An issue that has been popping up around the Internet is that Nutanix Controller VMs (CVM) are triggering VM Memory Usage alerts and showing usage of ~100% continuously, namely after installing/upgrading to vSphere 6.5 or later. This in fact happened to my own installation, so after research and discussion with my VAR, we determined the issue was related to the issue listed in Nutanix Support KB 4465. To save you the click, this is not unusual behavior, according to Nutanix.
As you can see from the image, the Nutanix CVM is pegging at 100% utilization, causing alarm after alarm to be triggered by vSphere. Of course, that is telling me something is very, very wrong with the CVM…right? Not so fast.
- In 6.5 or later, if the VM is configured with either:
- PCI passthrough devices
- Fault Tolerance (FT) enabled
- Latency Sensitivity set to High
- When one of the above settings are enabled, “[they]
force a full memory reservation and are not subjected to reclamation techniques, hence memory sampling is disabled and active memory will default to a display value of 100%“.
I highlighted the two key pieces that affect the CVMs here. Each CVM, to have full access to the underlying hardware, use PCI passthrough; thus, even though they are not actually utilizing all the vRAM given, ESXi thinks that it is. Thus, there is nothing Nutanix can do to convince it otherwise, short of changing the underlying functionality of the CVMs. As Nutanix notes, it is simply a cosmetic issue; albeit a really frustrating one.
Unfortunately the solution from both KBs is less a solution, and more of a ‘turn a blind eye’ situation. Since you cannot fix the issue of vSphere showing the CVMs pegging at 100%, you must effectively ignore it. Namely, by turning off the Virtual Machine Memory Usage Alarm at the vCenter level. Obviously in a production environment that is an awful idea, but in case you just need if off immediately, the procedure is:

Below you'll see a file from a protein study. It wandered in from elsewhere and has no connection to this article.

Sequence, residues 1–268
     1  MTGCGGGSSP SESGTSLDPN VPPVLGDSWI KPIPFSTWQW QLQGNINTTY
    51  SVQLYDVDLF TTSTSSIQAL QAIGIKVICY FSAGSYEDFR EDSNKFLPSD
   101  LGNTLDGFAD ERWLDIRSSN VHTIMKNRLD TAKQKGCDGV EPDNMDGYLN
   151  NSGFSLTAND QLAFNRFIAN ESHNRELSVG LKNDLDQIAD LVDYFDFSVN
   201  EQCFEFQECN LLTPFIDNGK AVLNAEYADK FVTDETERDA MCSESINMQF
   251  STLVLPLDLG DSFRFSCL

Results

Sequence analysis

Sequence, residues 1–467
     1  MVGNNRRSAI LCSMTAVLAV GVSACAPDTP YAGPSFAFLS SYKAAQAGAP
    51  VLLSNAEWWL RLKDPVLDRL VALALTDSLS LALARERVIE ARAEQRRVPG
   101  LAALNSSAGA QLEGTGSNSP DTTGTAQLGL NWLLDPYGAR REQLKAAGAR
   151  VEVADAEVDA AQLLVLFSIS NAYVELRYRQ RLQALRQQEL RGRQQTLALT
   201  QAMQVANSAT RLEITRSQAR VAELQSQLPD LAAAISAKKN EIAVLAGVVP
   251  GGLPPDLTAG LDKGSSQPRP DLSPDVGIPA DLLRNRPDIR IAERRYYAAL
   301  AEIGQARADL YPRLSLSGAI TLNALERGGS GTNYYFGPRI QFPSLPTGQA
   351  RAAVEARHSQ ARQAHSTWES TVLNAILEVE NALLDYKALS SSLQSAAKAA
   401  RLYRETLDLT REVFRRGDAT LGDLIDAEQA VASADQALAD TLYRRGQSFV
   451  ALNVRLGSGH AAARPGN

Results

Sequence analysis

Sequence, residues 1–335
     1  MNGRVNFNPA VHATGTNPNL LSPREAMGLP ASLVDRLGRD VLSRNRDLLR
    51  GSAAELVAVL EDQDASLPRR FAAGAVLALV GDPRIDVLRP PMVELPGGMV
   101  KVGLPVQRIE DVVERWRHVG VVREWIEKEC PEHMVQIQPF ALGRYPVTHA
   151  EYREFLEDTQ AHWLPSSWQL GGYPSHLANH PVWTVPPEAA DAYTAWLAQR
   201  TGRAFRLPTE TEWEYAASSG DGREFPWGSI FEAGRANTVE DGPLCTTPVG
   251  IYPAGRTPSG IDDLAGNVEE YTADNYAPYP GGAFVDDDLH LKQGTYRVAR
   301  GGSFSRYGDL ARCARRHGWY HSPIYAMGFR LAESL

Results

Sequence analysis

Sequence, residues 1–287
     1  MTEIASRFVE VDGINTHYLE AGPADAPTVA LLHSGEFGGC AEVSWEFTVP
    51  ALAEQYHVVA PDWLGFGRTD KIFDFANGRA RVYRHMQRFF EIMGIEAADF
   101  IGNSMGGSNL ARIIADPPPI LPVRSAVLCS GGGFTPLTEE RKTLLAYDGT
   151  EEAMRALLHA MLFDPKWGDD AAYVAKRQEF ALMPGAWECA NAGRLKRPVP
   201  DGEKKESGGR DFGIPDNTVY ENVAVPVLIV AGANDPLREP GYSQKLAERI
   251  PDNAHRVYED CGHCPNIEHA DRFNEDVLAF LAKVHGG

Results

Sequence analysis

- Select the vCenter object in the navigation pane of the vSphere Web Client.
- Click the Monitor tab > Issues sub-tab.
- Select Alarm Definitions and search for Virtual machine memory usage.
- Highlight the alarm and click Edit.
- Deselect Enable this alarm.
- Click Finish.
Since alarms automatically propagate down, all child objects under vCenter inherit this disabled alarm. However, there is no way to re-enable the alarm on those child objects. Thus, in a production environment you will wish to recreate the alarm definition lower down in the hierarchy of your vCenter.
- If you child objects are not already organized into a folder structure, do so. Reason is you can apply alarms to any object, and this will allow you to create custom alarms and other triggers per folder.
- For each folder, create a new alarm definition, matching the original’s settings:
- Trigger: VM Memory Usage
- Operator: is above
- Warning Condition: 85% for 10 minutes
- Critical Condition: 95% for 10 minutes
- Tip #1: You will need to do this in Flash-client, since the HTML5 client will only allow you to select 10% increments. Bizarre, I know…
- Tip #2: Alarm Definition names must be unique to vCenter. Thus, you cannot use ‘Custom Memory Alarm’ as a name for each object; you will get an error that the alarm already exists somewhere else. Adding the object name to the front will be enough to get past this, such as ‘SQL – VM Memory Usage’.
If you do not wish to create multiple folders for some reason, simply create two folders under your Datacenter, e.g. CVMs and Production, then move all CVMs into the CVM (duh) folder, and all other VMs into Production.
So, the more skilled sysadmins out there will by now be screaming “Why not just write a script to create the new alarms?!”. Well, skilled sysadmin, there is one flaw with PowerCLI: there is no ‘New-AlarmDefinition’ cmdlet yet available. So you can create new alarm actions and triggers via scripts, but not the actual definition that the trigger connects to.
There are some workarounds, such as Luc Dekens script here: Alarm Expressions – Part 2 : Event Alarms, yet this script is 9 years old now and will only get you part of the way there. Thankfully, there is work being done on this, and I found a module to do what we need in the VMware github. How stable it is though, I will find out and report back.